Vietnam devalues dong to protect exports, offset China's yuan action

Reuters

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The dong has now weakened around 3 percent in both the interbank and the unofficial markets. File photo The dong has now weakened around 3 percent in both the interbank and the unofficial markets. File photo

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Vietnam devalued the dong for the third time this year on Wednesday, as authorities sought to support a languid export sector facing fresh challenges from a surprise devaluation of the Chinese yuan.
The State Bank of Vietnam, the nation's central bank, also widened the dollar/dong trading band for the second time in a week, underscoring concerns a weaker yuan could further inflame a bloated trade deficit.
China, Vietnam's top trading partner, rattled global financial markets when it devalued its currency by nearly 2 percent on August 11, heightening worries of a global currency war.
On Wednesday the State Bank of Vietnam lowered the official mid-point rate by 0.99 percent to 21,890 dong per dollar and widened the trading band to 3 percent from 2 percent.
The dong stood unchanged at 22,085/22,105 per dollar on the interbank market at 10:22 a.m., while on the unofficial market it fell to 22,250/22,400 per dollar, from 21,840/21,870 on Tuesday.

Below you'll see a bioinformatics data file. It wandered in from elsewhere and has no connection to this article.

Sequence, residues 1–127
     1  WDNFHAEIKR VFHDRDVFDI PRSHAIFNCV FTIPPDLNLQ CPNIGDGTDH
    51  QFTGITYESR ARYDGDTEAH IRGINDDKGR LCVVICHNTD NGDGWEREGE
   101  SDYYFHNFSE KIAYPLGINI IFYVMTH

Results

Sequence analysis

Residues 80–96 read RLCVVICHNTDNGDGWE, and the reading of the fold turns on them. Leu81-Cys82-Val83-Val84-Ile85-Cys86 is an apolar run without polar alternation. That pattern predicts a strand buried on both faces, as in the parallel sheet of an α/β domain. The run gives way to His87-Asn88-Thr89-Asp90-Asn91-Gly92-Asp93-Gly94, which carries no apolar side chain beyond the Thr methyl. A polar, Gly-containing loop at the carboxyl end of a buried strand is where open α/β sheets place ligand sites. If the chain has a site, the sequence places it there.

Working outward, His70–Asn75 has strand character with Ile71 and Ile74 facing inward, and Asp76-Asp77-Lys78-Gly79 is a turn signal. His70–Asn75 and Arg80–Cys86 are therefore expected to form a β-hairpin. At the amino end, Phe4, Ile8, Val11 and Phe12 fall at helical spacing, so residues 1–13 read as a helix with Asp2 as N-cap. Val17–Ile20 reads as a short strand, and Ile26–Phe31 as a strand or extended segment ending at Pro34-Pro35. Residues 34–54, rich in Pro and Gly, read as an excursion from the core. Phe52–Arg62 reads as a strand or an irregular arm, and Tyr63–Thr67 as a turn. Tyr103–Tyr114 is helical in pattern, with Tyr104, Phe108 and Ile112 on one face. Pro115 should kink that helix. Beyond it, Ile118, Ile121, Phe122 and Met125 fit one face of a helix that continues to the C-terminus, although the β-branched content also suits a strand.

Export-reliant Vietnam posted a trade deficit of $3.53 billion in January-July, compared with a $1.59 billion surplus in the year-ago period. Shipments grew 8.9 percent in the first seven months, below the government's 10 percent target.
The weaker yuan has sparked concern of more Chinese goods flooding the southern neighbor's market, putting further pressure on the trade balance.
"The Vietnamese dong's exchange rate now has sufficiently large ground to be flexible in front of adverse impacts on the international and domestic markets not only from now to the year end, but also to the first months of 2016," the central bank said in a statement.
The moves help "ensure the competitiveness of Vietnamese goods," it said.
Vietnam had a trade deficit of $19.33 billion with China in the first seven months of 2015, versus a deficit of $14.88 billion a year ago.
"The devaluation is reasonable since many countries competing with Vietnam in export have devalued their currency," said Nguyen Thanh Lam, deputy manager of retail division at Maybank Kim Eng Securities.
The previous mid-point rate had been in place since May 7 when the central bank allowed a 1-percent currency depreciation. The first devaluation in 2015 was also 1 percent on January 7.
With Wednesday's new band, the dong could fall to 22,547 per dollar in interbank deals, or 2 percent down from the previous day. The band had been doubled to 2 percent on August 12.
The dong has now weakened around 3 percent in both the interbank and the unofficial markets, against a central bank's pledge to let the currency slip 2 percent in 2015.

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